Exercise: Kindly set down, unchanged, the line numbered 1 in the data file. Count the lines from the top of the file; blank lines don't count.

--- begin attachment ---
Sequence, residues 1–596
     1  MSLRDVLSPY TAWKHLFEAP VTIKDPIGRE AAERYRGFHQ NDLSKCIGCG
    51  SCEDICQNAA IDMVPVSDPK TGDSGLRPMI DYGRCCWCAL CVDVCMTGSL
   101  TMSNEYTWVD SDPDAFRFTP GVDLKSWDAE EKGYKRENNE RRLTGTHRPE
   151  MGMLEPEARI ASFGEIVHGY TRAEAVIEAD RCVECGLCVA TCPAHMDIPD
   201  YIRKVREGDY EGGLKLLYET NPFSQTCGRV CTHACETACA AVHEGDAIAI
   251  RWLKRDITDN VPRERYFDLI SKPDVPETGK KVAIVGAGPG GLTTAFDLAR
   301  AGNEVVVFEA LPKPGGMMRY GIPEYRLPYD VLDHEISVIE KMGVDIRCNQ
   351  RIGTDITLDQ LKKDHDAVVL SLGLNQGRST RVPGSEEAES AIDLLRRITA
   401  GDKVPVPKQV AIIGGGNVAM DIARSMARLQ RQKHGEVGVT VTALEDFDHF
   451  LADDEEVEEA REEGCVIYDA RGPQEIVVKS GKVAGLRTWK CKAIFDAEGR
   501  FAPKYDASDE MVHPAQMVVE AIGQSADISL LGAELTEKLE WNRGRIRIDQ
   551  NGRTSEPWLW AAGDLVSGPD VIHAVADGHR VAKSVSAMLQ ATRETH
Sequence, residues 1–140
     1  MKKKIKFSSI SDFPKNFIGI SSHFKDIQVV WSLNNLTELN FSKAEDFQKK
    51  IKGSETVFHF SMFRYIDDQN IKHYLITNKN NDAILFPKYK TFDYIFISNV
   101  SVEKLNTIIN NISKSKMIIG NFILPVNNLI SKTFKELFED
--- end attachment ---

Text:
Sequence, residues 1–596